Wing clipping of the queen bee - time to stop

Conventional beekeepers often cut one of the wings of a mated queen bee. The reason? To attempt to control swarming. It allows the beekeeper to split the colony artificially, creating two or more hives using the developing virgin queens that will soon emerge.

The effect? At swarm time the clipped queen will be jostled and pushed out of the hive by the bees whose natural instinct to swarm is in full flow. Unable to fly, she is likely to fall to the ground, followed by the swarm, she is exposed to the elements and predators and often unable to return. If the queen can return, she will be killed by the emerging virgin queens, and the hive will swarm anyway.
There can be no greater stress for the bees in the initial swarm than to find themselves queen-less as they proceed into the air.  They may return to the hive seeking their queen, but sometimes they cluster nearby and fall in clumps to the ground as they weaken and die waiting for her to join them.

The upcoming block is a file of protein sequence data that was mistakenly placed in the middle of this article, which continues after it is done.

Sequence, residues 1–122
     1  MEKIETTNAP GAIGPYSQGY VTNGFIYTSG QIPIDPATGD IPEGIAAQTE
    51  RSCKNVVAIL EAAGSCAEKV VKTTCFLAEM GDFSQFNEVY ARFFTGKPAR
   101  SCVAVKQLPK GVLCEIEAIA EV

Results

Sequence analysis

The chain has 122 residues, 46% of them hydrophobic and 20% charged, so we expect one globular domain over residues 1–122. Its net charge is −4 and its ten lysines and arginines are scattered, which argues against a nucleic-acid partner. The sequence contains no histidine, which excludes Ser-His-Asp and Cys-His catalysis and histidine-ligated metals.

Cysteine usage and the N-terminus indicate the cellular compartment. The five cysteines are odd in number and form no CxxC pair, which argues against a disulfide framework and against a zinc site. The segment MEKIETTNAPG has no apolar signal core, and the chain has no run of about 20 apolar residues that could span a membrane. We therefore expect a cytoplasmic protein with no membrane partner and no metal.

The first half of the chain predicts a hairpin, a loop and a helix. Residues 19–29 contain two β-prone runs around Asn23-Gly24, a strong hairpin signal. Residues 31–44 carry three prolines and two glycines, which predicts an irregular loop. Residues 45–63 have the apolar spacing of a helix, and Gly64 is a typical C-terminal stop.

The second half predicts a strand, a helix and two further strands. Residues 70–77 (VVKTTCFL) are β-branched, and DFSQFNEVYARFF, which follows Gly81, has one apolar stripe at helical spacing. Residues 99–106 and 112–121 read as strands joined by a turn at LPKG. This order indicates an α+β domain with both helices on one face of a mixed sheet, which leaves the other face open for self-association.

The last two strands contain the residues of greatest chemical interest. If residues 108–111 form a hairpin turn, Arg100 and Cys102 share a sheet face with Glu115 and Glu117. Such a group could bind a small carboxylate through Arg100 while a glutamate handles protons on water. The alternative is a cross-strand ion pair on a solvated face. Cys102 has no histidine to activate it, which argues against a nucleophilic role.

A true prime swarm has been shaped over millennia to contain a perfect balance of bees - young wax making bees, older foragers, guards, nurse bees, a mated queen – and is programmed to survive and start building a new colony with nothing but three days of stores. Weak swarms will die, the strong will survive.

Swarming is a natural and vital part of bee health. They can leave unsuitable or diseased hives, have a break in the brood cycle, and pioneer new hives. They leave behind an emerging new queen who will go on her mating flight, ensuring that the genetic pool is kept wide.

The beekeeper has never mastered the essential elements of the true swarm. There is no perfect balance. Everything is artificial and the Essential Bee spirit is weakened. Like a poor facsimile, every copy gets worse over time.

It's time to marvel at the perfection of bee reproduction and celebrate swarming as the magnificent and essential process that nature intended.

UPDATE: Beowulf Cooper notes in his inspiring book  "The Honeybees of the British Isles" that dark queens often perform a spring flight. I have witnessed this myself last year with a light queen. For this reason alone he finds it hard to recommend wing clipping as it is a great risk to the colony. I recommend his book for anybody interested in the British dark bee.

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